After his detention, Mindszenty was transported to the infamous headquarters of Hungary’s secret police (ÁVH) at Budapest’s Andrássy Avenue 60. During his interrogation, the Cardinal was tortured and given various types of psychotropic drugs such as scopolamine, which was a common practice of the ÁVH.
Mindszenty resisted for a long time, but as a result of a series of tortures, he finally confessed to a host of crimes, including the theft of Hungary’s crown jewels, planning a Third World War, and that once the war was won by the Americans, he himself would assume political power in Hungary.
The charges against him clearly had no grounds, but as a result of a show trial, he was sentenced to life imprisonment. It was only thanks to huge international outcry that he was not sentenced to death.
Following his conviction, the Cardinal spent seven years in prison, after which he was transferred to house arrest in 1955 due to his health condition. During the Hungarian Revolution of 1956, Mindszenty was rescued from prison by freedom fighters. Hungary’s Prince Primate returned to Budapest the very next day and made an important radio speech in which he declared the revolution a ‘national freedom fight.’
He then returned to lead the Hungarian Catholic Church as Archbishop of Esztergom, and dismissed all church members from their office who had collaborated with the communist authorities.
However, when the Soviets invaded Hungary on November 4, 1956, Cardinal Mindszenty was forced to seek asylum at the United States embassy in Budapest where he had to spend the next 15 years of his life, unable to leave the grounds.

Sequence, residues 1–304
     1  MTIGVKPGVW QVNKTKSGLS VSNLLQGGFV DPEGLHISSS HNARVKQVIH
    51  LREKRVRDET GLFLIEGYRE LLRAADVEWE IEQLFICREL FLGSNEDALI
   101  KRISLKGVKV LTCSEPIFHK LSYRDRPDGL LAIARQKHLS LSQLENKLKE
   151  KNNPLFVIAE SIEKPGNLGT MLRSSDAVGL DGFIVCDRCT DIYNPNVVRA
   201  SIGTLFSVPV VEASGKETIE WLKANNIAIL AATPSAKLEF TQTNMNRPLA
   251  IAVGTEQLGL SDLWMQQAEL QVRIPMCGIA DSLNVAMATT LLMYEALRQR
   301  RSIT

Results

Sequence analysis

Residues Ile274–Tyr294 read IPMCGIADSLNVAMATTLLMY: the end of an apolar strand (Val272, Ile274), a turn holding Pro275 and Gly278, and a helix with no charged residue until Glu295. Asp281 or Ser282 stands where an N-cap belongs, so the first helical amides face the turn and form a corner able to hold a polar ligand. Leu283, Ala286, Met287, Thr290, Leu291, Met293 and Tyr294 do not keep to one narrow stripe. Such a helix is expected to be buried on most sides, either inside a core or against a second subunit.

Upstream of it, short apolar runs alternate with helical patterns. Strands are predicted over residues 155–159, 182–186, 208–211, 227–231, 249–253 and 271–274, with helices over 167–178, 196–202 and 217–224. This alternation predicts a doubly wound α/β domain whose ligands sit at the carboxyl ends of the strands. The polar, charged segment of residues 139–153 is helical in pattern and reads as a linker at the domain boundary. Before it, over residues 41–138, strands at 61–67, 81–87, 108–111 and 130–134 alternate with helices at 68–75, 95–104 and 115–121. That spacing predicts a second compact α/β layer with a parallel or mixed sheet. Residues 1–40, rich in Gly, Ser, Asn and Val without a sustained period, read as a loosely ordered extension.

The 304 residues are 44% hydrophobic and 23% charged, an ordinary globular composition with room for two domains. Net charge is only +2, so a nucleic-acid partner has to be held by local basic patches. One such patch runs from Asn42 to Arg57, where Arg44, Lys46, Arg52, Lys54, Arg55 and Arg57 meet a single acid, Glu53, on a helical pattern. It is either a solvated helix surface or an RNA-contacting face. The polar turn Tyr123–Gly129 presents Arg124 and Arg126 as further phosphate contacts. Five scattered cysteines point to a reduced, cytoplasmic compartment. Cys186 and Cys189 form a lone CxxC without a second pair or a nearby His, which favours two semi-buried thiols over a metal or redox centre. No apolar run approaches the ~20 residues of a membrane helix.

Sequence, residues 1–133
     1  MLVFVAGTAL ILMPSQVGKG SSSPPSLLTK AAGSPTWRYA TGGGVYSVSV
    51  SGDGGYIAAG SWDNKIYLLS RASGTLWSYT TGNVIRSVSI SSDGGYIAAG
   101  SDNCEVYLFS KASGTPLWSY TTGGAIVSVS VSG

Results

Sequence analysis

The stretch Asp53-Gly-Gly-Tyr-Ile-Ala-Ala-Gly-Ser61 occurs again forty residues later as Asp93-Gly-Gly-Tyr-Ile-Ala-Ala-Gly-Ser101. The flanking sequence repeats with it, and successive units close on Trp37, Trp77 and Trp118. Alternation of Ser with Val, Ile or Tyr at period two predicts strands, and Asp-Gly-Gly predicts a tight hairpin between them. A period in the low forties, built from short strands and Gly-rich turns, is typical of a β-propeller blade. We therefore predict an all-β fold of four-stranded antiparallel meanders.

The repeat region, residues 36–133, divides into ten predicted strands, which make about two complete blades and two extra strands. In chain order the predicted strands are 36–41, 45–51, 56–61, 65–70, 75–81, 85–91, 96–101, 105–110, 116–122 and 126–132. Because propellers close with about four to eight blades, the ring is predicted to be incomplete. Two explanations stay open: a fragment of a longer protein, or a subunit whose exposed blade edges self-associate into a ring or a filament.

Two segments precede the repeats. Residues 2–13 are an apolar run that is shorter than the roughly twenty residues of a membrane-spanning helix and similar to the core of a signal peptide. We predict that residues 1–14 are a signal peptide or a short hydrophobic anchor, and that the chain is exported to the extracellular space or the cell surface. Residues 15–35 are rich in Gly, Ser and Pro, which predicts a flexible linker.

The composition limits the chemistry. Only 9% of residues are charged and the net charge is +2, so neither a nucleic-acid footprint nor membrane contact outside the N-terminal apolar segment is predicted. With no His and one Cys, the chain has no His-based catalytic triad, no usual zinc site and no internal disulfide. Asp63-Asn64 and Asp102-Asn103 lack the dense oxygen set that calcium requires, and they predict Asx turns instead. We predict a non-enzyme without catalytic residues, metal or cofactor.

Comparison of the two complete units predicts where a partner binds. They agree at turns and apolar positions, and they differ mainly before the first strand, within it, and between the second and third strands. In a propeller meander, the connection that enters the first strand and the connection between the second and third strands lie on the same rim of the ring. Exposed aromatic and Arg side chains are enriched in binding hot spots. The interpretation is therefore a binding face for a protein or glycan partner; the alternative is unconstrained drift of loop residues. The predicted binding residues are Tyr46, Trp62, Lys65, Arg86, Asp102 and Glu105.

His admission was a strong political decision by the US, since under international law, embassies cannot grant asylum. Mindszenty remained active during his years at the embassy, writing several letters to senior American politicians informing them of the situation in Hungary. In August 1964, he even wrote a letter to then US President Lyndon B. Johnson regarding the Holy Crown of Hungary, which was kept in the US at the time. Mindszenty asked Johnson to protect the crown and keep it out of the hands of the communists.
As Mindszenty’s position became a source of increasing diplomatic tensions between the US and Hungary, Pope Paul VI offered a compromise and personally received then Hungarian Foreign Minister János Péter in 1971. It was the first time the Pope had met a serving member of any Communist government. According to the compromise reached at the meeting, he was forced to leave Hungary. Later Mindszenty was even stripped of his titles by the Pope, who declare him officially vacated, but refused to fill the seat while the former archbishop was still alive.
Mindszenty lived in exile in Vienna for another four years and died there in 1975 at the age of 83. Only after Hungary’s democratic transition were Mindszenty’s remains returned to Hungary and buried in the Esztergom Basilica in 1991.
Due to the courage he showed in his stance against the inhumane regimes of the last century, Cardinal Mindszenty is a widely admired figure in Hungary. To this day, his beatification and eventual canonization have been on the agenda of the Hungarian Catholic Church, ongoing goals which have yet to be reached.
In the featured photo: Cardinal József Mindszenty, gives a radio speech after his release from house arrest in 1956. Photo via Fortepan/Jack Metzger/Comet Photo AG